Now that you've pared down to the essentials, take a look at your furniture. Do you have pieces that serve more than one function? Double-duty furniture is essential to small space living. An ottoman can serve as storage for blankets; a sofa might double as a sleeper for guests; and a dining room table could sport removable leaves that convert to a desk when you're not eating. Add wall cabinets that hold your dishes as well as your office supplies, and you're heading in the right direction. Closets also make great offices, and the space under the bed provides ample storage. You get the picture.
When decorating a small room, you want to be mindful of scale, but this doesn't mean you need a room full of dollhouse furniture. While you don't want to cram a bunch of oversized furniture into a small room, one good-sized statement piece, like a couch, may be exactly what the room needs to seem like it can hold its own. The key is to be sure there's plenty of room to move around it. Also, how you position your furniture is just as important as what you put in a room. Sometimes putting a sofa at an angle rather than pushed up against a wall will make a small room appear larger -- and it also leaves some space for much needed storage behind it. It's all about the perception of space, so be sure to leave plenty between pieces.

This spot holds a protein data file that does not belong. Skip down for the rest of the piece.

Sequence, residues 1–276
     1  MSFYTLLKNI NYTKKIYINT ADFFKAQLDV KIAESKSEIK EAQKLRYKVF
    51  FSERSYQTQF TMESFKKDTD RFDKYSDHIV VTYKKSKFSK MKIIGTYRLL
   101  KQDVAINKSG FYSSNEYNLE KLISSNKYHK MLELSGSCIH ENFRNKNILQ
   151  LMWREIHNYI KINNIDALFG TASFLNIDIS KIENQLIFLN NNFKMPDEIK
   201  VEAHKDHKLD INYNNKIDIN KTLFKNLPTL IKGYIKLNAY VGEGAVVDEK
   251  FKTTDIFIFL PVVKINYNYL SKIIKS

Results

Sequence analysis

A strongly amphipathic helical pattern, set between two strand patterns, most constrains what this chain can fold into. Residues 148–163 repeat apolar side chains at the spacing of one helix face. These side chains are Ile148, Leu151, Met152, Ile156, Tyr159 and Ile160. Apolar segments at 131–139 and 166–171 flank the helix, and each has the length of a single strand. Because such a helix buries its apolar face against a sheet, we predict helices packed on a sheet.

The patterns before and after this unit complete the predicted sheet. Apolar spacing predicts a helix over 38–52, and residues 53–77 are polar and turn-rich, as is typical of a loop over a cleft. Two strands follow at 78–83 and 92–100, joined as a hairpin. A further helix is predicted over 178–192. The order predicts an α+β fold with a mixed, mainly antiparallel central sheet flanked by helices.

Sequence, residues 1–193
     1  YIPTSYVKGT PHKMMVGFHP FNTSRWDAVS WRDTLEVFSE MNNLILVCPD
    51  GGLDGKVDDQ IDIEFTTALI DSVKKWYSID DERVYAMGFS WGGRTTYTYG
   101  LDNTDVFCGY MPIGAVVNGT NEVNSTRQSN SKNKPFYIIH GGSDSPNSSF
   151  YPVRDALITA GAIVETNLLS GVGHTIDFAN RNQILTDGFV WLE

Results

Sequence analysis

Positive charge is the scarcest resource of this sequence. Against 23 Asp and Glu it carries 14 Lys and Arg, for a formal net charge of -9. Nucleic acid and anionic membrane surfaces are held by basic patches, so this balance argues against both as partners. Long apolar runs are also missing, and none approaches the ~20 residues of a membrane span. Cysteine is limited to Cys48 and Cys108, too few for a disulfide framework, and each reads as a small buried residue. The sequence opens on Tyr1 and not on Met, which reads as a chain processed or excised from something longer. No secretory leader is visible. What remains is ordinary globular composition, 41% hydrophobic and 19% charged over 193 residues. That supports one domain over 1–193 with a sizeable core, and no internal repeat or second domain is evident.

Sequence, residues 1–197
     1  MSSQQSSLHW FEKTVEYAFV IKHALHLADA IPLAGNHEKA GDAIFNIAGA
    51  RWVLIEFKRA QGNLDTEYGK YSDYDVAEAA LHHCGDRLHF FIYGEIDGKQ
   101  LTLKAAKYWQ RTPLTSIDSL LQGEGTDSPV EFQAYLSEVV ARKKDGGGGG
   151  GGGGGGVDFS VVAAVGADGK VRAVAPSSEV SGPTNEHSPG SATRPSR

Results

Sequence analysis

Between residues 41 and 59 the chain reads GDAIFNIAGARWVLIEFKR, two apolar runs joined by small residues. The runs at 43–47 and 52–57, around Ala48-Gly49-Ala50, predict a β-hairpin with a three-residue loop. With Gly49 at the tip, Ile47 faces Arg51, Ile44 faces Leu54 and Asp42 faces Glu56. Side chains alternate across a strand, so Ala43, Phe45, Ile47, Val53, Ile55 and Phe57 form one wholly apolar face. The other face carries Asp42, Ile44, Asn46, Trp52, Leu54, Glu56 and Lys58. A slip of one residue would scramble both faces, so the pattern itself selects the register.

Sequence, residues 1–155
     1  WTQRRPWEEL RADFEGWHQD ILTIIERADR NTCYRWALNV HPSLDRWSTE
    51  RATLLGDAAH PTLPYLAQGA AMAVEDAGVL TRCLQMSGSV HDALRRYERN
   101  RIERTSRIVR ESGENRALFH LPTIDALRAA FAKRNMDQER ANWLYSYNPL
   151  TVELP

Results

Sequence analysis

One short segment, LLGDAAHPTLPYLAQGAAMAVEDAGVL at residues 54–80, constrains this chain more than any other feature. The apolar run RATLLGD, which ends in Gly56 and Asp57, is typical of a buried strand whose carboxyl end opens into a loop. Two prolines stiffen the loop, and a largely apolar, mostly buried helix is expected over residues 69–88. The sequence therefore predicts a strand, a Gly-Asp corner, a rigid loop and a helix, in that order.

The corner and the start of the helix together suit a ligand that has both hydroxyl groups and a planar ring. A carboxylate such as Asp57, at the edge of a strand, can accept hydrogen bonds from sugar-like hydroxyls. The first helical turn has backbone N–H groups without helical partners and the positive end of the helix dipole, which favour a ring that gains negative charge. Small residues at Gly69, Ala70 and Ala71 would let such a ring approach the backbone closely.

How you decorate also has a big impact on how your space is perceived. While contrast is generally encouraged in a room to give it visual interest, less contrast will make a small room not seem quite so small. For this reason, white walls are best avoided. Try to choose a soft color that will blend better with furnishings and accessories. And speaking of accessories, the general rule of thumb for small spaces is to keep knick knacks to a minimum. That's not to say that you can't have some of your favorites on display, however. In order to not perceive a room as cluttered, the eye needs a place to rest. So groupings of your favorite tchotkes are a better option than scattering them throughout the room.